Lewin: In tracking down the rights to the article, I discovered that Mark’s literary rights were owned by the woman who was his girlfriend before he died and I did not realize that was the last chapter of his life. Contrary to what he believed, that he would never have a real relationship with somebody, he spent the last few years of his life with Susan Fernbach, who was his companion, lover and literary collaborator. She gave me an option on the story and was also kind of a literary soulmate for me in that she was kind of a window, as much as I had, into who he was, how he spoke, how he thoughts, and always a reference point as I was developing the script. She also helped me connect with Cheryl, the real surrogate, and meeting Cheryl was a major turning point as well, because hearing her side of the story and her whole take on it enabled me to see the whole thing as a relationship movie, which I found much easier to tell then the format of a biopic. It felt that as a relationship movie it had a natural arc, a natural beginning and end, so both Susan and Cheryl had a crucial effect on the development of the script and the outcome.
CS: Did they meet at Mark’s funeral? I’d be surprised that after Cheryl stopped treating Mark that she would be back in touch with anyone. How did they meet?
Lewin: I think they may have even met before the funeral, I’m not sure, but they certainly did meet at the funeral and Cheryl did maintain contact with Mark. She would go to his birthday parties. They were friends later. It was not just a slam-bam-thank-you-ma’am sort of affair.
CS: He talks a little bit about the article in the documentary but it’s very much like “Oh, this happens” and then he moves on. He doesn’t talk about it as very much.
Lewin: The article was published in 1990 and the events happened in the late ’80s-I think that’s more or less the timeline.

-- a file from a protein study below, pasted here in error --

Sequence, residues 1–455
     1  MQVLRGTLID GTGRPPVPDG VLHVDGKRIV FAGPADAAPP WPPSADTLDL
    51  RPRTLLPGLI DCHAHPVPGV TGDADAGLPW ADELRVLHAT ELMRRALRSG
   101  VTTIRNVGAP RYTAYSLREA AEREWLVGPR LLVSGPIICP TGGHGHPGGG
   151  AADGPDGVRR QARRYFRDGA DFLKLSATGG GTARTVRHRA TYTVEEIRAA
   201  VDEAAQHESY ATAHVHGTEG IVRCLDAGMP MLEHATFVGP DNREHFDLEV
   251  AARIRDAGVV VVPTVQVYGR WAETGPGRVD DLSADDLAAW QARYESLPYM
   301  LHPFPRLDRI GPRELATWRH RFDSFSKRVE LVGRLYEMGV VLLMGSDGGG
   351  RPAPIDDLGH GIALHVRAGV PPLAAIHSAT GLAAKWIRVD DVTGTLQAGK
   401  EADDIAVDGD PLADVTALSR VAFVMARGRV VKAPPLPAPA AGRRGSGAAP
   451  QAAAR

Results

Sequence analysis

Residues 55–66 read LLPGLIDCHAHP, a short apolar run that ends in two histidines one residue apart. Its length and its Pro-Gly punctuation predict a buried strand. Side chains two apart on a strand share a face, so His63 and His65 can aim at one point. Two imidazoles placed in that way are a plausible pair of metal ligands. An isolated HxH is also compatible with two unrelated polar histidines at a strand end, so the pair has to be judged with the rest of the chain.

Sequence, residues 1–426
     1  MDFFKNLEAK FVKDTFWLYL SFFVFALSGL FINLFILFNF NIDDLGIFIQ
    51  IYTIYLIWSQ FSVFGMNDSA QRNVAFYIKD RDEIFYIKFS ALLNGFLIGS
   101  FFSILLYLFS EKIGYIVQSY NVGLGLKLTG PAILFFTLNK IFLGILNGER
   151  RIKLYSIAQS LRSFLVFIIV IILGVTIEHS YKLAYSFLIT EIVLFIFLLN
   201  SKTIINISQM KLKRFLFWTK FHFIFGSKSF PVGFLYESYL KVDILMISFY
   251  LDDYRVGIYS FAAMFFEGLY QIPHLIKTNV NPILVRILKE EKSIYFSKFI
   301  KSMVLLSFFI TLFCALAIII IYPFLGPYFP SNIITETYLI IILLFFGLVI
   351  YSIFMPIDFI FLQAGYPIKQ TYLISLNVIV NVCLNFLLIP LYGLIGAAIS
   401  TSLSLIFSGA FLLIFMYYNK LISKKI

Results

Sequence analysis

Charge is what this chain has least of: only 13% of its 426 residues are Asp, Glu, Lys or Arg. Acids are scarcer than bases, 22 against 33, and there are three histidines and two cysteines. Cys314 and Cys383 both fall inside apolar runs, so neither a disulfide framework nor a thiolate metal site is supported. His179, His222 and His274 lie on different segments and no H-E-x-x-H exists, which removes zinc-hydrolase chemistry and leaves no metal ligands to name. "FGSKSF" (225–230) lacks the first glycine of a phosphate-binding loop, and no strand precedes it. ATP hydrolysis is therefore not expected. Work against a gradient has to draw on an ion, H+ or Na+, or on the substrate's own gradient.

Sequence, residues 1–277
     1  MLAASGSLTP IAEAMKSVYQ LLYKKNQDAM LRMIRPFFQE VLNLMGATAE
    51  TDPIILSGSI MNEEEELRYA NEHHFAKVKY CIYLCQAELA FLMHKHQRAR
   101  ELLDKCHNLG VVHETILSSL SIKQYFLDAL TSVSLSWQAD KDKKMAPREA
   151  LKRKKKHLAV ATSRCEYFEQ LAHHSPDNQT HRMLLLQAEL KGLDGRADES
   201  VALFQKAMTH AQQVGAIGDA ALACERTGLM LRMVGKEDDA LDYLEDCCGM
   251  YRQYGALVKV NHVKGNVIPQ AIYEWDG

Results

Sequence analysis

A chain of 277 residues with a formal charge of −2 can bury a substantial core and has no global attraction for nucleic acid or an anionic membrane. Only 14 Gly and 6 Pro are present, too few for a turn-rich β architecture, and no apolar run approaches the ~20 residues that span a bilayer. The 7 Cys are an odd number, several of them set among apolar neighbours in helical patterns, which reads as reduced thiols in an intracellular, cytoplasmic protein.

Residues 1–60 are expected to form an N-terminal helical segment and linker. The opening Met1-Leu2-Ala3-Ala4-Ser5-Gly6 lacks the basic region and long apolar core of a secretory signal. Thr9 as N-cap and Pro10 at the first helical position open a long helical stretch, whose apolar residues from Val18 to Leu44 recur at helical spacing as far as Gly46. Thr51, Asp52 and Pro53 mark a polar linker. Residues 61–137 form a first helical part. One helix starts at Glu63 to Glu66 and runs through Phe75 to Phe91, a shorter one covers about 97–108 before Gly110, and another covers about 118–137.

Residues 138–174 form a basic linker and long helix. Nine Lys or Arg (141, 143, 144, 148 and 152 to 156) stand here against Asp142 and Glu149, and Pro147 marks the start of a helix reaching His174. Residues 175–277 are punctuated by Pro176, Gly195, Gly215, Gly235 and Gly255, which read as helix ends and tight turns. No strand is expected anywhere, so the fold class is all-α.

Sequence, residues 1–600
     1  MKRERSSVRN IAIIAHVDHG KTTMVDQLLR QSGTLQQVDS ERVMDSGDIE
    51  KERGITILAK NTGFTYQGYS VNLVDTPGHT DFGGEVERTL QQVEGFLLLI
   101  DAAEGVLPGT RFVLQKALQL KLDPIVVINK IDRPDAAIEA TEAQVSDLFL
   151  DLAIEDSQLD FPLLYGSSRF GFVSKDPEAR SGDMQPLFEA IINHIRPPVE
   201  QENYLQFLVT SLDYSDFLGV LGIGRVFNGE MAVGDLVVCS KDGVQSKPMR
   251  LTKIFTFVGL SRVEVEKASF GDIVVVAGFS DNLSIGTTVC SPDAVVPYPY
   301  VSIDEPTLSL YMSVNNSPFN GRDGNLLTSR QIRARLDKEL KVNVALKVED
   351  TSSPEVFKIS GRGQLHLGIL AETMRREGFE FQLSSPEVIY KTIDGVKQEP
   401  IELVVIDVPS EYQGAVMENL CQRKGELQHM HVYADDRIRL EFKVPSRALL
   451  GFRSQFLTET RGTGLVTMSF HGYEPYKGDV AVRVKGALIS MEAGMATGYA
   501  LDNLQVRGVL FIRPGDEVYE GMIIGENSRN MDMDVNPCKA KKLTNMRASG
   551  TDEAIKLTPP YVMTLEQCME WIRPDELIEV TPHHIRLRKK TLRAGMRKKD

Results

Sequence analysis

CS: When did you get involved?
Lewin: I read the article in late 2006. I know that I connected with Susan in January 2007, which is when I pretty much began the process. It was pretty much five years to the day from meeting Susan to showing the film at Sundance, and that believe it or not, is regarded as a fairly short time. Five years from concept to completion is short.
CS: Was it hard to get financing? That always seems to be part of the difficulty with indie films.
Lewin: Financing is always hard, but I think once we recognized that it was pointless putting the script out to the usual suspects. I mean, I had no star power. It was a difficult subject, and I think had we continued down that line of sending the film to production companies or studios, I would have had one foot in the grave before anyone opened Page 1. What in fact happened was when I met Cheryl, I was with a friend, he was an old law school buddy who was on holiday in San Francisco with his family–an Australian guy–and he was so taken by the story that he stepped up and said, “I’ll help you finance it and put up the first 20% of the budget.” That was highly motivating because I saw him as kind of a sample of the audience. That’s basically how we raised the money, we hit up our friends and family. The old-fashioned way. In fact, we were still raising money when we were shooting and Judi (Levine, the producer) would call people and tell them they were investing rather than ask them.